SIKESTON -- Long gone can be sweaty palms, knotted stomachs and most importantly, low test scores, when high school students prepare for the ACT exam.
According to the Missouri Department of Elementary and Secondary Education, the average composite score on the college-entry exam increased again this year, rising by one-tenth of a point to 21.5, state education officials said last week. As a group, Missouri students remain well above the national average, which dropped by two-tenths of a point to 20.8. The maximum possible score on the exam is 36.
Sikeston High School Senior Counselor Debbie Hampton credits college prep courses, ACT prep courses and most of all, teachers for students' success with the ACT.
"Individual teachers in the core courses, like English and math, hold after school learning sessions for students a week or so before the test," Hampton said. "They've been a big blessing."
Rather than receive a broad view of the four subjects tested in the ACT, which are math, science, English and reading, students can receive tips on one particular area, Hampton explained. Teachers also discuss test taking strategies and other useful tips.
Sikeston High School's current ACT average composite score is 20.8, the same as the national average, according to Sikeston Public Schools Assistant Superintendent of Curriculum Kathy Boldrey. Approximately 60 percent of Sikeston students take the exam each year, she added.
In addition to test preparation from teachers, Sikeston students are given the opportunity to practice the test before it's given by participating in Sikeston's Super Saturday, a mock ACT exam held twice a year at the school.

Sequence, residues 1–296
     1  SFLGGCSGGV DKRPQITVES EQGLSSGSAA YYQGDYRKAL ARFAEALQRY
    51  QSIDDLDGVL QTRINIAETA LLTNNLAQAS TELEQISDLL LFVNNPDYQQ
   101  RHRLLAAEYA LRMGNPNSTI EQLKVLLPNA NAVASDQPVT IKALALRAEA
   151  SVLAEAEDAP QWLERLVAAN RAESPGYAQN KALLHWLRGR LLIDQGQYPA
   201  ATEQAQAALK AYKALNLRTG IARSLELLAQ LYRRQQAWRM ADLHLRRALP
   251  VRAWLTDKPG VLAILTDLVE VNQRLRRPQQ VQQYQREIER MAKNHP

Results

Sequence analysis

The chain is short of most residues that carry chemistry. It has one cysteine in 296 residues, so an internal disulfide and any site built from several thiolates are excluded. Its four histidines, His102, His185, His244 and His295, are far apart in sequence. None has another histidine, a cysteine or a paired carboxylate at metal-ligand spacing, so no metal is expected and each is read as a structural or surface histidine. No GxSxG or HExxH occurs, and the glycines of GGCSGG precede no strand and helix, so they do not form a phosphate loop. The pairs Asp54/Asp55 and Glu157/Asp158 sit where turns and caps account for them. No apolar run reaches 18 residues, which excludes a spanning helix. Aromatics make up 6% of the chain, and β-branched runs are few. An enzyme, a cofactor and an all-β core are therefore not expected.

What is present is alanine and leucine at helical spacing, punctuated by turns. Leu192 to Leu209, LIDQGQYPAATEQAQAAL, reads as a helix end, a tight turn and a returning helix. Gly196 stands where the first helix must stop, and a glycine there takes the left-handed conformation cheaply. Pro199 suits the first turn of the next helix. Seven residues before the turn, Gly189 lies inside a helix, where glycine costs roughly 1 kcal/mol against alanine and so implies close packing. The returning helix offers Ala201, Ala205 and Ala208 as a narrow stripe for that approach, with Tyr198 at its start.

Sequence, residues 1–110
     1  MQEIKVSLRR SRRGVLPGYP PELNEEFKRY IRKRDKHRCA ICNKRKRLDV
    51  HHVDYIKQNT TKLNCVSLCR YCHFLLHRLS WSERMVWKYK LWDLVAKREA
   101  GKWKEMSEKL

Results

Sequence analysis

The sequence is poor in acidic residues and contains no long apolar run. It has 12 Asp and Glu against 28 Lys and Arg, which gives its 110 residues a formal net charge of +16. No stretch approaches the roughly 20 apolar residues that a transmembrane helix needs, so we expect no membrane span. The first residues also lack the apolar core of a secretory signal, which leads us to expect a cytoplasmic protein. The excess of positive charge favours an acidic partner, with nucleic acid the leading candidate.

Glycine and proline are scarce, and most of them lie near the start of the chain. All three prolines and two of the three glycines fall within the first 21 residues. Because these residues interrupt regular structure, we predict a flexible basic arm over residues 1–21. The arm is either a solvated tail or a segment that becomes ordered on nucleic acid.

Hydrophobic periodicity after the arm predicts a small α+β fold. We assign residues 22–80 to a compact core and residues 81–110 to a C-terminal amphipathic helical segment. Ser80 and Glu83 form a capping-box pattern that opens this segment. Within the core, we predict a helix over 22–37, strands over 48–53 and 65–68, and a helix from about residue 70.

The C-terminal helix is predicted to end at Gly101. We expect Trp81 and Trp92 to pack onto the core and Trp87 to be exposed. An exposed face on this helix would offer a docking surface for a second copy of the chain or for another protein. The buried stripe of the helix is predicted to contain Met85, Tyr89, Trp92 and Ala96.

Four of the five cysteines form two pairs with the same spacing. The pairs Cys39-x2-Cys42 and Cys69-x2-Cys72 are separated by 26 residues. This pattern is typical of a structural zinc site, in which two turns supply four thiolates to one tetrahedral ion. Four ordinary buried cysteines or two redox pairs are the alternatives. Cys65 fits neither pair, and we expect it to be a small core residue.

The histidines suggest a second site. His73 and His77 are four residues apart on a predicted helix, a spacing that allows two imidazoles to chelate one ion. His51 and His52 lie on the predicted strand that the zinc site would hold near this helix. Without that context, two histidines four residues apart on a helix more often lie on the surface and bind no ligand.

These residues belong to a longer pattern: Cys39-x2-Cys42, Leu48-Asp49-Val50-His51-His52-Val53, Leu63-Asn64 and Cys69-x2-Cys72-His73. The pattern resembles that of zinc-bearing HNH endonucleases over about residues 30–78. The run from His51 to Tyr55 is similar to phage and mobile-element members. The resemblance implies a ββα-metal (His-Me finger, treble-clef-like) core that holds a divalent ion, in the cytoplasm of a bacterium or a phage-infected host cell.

During a Super Saturday, students are administered a practice test, and afterward, they score their tests to see how they did. Then students are provided lunch, usually pizza, Sikeston Sophomore Counselor Bonnie Stewart said. The whole process takes about four hours.
Approximately 30 to 40 students attend Super Saturday, Stewart estimated. While other local schools may offer ACT prep courses or materials, Sikeston is the only school in the area known to have a mock test so students from other schools are welcome to attend Super Saturday, Stewart said.
Students also study at home or from ACT prep books and computer software available through the school library, she added.
College prepatory courses are also a main ingredient to overcoming the ACT, too. "College prepatory classes mirror college courses enough to prepare students adequately for the ACT," Hampton assured.
An addition to Sikeston's test preparation this year is The Princeton Review, a private course available through ITV, Boldrey said. Since this is the first year the school is using the course, Boldrey said she can't really comment on the prep strategy, other than she's very excited it will be available to students.
Boldrey said it's never too early for students to begin preparing for the ACT. Sophomores, juniors and seniors are allowed to take the exam.
"It's a good motivator for sophomores who take the test," Boldrey said. "Students are able to see their weak areas and learn what they need to work on."
Most sophomores who take the ACT do so at the end of the school year before their junior year. Juniors and seniors make up the majority of those who take the ACT. On average, a junior may take the test once or twice, and then again their senior year if they want a higher score, Hampton said.
High ACT scores not only help students get into college, but also can help financially. "A lot of parents ask me, 'How can my child get a scholarship?,'" Hampton said. "Some parents may not realize many universities offer scholarships based on high ACT scores."
Hampton thinks kids and their parents are becoming more involved in their education. They're seeking information about the curriculum and developing an understanding of it to succeed, she said.
Students who have questions concerning the ACT should meet with their high school counselor, Hampton advised -- or they can visit the ACT Web site at www.act.org.